Statement by Parliamentary Representative for Castries North West - Babonneau on the death of the late Allan Bousquet Sr.
Statement by Honourable Michael Gaspard, Parliamentary Secretary in the Ministry of Health, Human Services, Family Affairs and Gender Relations and Member of Parliament for Castries North-West Babonneau
on the Death of the Late Allan Bousquet Sr.
It is said somewhere that "death comes like a thief in the night." If that is so, then death robbed us last Saturday morning of one of the best men I have ever known. Indeed, death Ė whether dictated by God or Nature Ė robbed our dear land of one of the great sons to whom it gave birth. But most of all, it is the people of Castries North-West Babonneau who have lost the man they have loved most, the man who did the most for that special constituency, the man who treated each like his son or daughter, brother or sister.
Mr. Allan Bousquet Sr. has been a national institution in his own right. He stood out among his colleagues in government and in parliament. He served his party and government. But most of all, most important to him, number-one on his personal agenda, has always been the people of Babonneau. He made no bones about it. He represented his constituents fearlessly. He stood up for them for jobs, for places at school for their children, for everything that was there to be had. To him, Babonneau was all. (Pou Misye Booskay, whole la-terre-a cíest Babonneau.)
It is because of his tenacious application of his own personalised brand of the principle of representation that he became the man of the people, the simple and ordinary hero that he was in the eyes of not only the people of Babonneau, but also the people of St. Lucia at large. The people of St. Lucia respected him as a sort of folk hero, the epitomy of political representation, the essence of what a representative can be in the eyes of his constituents.
I will certainly miss Mr. Bousquet for many reasons. Among them, obviously, is the fact that I have inherited part of his legacy. The people of Castries North-West Babonneau will expect no less of me than they got from Mr. Bousquet, which, I must say, is a very tall order (but not one thatís impossible to surmount).
(Nou kai manchay Misye Booskay pas e-pate yon nom ordinaire en zye jean Babonneau, eh-bien en zye jean Ste Lisi. E settay yon nom honowab, yon ti nom semp ki te yon gwan ekzamp an zye pep Ste Lisi!)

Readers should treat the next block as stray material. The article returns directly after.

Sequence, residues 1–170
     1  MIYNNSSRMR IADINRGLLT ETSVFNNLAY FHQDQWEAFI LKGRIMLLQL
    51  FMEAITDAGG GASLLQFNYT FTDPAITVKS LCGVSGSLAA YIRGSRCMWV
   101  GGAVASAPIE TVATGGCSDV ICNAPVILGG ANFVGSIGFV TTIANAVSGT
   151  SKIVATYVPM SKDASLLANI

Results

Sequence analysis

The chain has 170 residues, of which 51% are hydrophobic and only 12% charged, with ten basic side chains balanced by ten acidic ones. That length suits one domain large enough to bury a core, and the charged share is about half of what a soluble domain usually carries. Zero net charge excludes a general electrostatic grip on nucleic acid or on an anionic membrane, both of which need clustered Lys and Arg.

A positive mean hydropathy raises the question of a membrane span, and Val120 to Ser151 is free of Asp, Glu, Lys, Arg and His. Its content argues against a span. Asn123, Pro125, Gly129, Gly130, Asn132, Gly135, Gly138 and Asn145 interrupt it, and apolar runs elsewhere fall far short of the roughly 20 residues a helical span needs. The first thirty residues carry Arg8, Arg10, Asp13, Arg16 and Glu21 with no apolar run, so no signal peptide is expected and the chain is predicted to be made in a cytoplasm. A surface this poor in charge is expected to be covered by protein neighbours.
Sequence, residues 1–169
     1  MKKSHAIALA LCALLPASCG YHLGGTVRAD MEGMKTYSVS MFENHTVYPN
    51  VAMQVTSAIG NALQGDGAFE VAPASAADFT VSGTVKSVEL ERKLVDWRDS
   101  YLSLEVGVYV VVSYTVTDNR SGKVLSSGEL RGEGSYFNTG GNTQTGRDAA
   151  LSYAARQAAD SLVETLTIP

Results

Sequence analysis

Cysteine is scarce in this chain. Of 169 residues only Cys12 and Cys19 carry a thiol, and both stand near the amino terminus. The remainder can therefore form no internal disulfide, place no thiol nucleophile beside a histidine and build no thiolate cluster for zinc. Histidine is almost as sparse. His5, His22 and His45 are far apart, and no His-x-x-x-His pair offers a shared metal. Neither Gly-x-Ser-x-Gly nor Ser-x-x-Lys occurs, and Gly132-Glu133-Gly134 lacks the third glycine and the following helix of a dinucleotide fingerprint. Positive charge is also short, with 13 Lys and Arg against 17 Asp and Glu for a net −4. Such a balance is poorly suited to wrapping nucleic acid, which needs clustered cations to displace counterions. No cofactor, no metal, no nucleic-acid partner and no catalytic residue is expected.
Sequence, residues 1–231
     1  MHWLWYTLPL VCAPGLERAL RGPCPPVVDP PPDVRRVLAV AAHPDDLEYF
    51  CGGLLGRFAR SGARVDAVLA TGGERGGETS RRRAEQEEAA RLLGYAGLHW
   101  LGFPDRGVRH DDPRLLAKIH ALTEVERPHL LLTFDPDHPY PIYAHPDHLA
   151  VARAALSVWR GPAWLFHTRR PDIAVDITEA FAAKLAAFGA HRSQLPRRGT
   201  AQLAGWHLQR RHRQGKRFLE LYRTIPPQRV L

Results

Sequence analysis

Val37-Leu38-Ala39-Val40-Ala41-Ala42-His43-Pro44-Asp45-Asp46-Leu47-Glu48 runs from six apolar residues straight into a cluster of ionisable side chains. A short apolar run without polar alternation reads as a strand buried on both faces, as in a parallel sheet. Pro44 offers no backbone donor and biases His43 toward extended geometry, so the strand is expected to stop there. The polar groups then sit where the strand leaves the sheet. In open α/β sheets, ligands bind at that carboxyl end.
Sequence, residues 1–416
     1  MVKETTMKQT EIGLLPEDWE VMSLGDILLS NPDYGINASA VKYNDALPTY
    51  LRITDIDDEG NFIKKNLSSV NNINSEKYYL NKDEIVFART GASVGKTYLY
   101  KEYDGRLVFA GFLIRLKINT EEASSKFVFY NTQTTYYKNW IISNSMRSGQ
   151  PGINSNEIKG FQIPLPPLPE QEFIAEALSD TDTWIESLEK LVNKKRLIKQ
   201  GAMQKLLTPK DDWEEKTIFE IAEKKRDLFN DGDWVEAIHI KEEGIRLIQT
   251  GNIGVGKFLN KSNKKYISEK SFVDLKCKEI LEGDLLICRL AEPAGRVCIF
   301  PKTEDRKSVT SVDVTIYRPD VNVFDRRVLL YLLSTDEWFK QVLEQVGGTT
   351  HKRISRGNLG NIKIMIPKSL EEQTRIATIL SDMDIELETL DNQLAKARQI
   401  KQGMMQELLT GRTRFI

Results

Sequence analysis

I, personally, have learned much from the late Mr. Bousquet. On every occasion that we spoke since my election as the MP for Castries North-West Babonneau Ė whether at his home at Morne Du Don or at his bedside when I visited him before his untimely death - he always offered good advice. He always suggested how to do something or the other for the constituents, somewhere or the other, in the constituency. And every time I spoke to him before that, he exuded a kind of feeling that clearly showed that had it not been for time and age, the political landscape in the constituency might Ė just might Ė have been different.
Apart from inheriting his political legacy at the constituency level, so far in my time in government, I have inherited also senior roles in the ministries he served in the most. Here again, I am confronted with the historical coincidence of having to sit where he sat. And here too, Mr. Bousquet left his stamp in the fields of education and health. The evidence is there at Victoria Hospital, for example. And it is there too at every school in this country.
Clearly, therefore, the late Allan Bousquet Sr. will be missed by us all. We will miss him for who he was and for what he did for our community and for what he did for our country. (Nou kai manchay-i an-shai. Nou kai bien manchay-i, pa selman pou ki-moon e te ye, mais o-si pou ki sa e zha faire pou Babonneau ek pou peyi nou. )
We will definitely miss him. But as we do so, we will have to strive also to ensure that our community and our country continue to pay tribute to him and to honour him.
There are many ways of remembering him and keeping the memory of this great son of the soil alive. But one of the best ways would be to ensure that the work he began and sustained so many years ago continues in the constituency of Castries North-West and Babonneau. This I pledge to do as the sitting Member of Parliament for the community he served so well and for so long. I pledge to serve as well (and hopefully for as long) as he has.
The official funeral being accorded the late Mr. Bousquet will be with all its attendant rites and rights. I invite all my constituents; all those who admired him, indeed all St. Lucians to attend what will be our final walk with him. (Misye Booskay kai ni yon leteman offisyel ek toot se rites-la ki ka alle avec un leteman pou un moon kon li. Mwen ka kwiye assou toot jean Babonneau, too jean Ste Lisi, pou attande leterman-la. Annou toot sorti avec pwan denye mache-nou avec Misye Booskay.)
In addition, I call on all my constituents to do whatever you can between now and the funeral by way of memorial and commemorative activities. Letís remember him and talk about him in every nook and cranny of Babonneau. Letís sing praises to him. Letís ensure his memory is kept alive. And most of all, letís ensure that the spirit of Joseph Robert Allan Bousquet lives on.
Since pressing matters of state will have me out of the country for the next few days, I have personally expressed my deepest condolences and that of my entire family to his sons and daughters, and through them to his entire family. However, I will be back for the funeral.
In the meantime, may his soul rest in peace. (Bondye, kitay líam-li pose en paix!)
June 4, 2000
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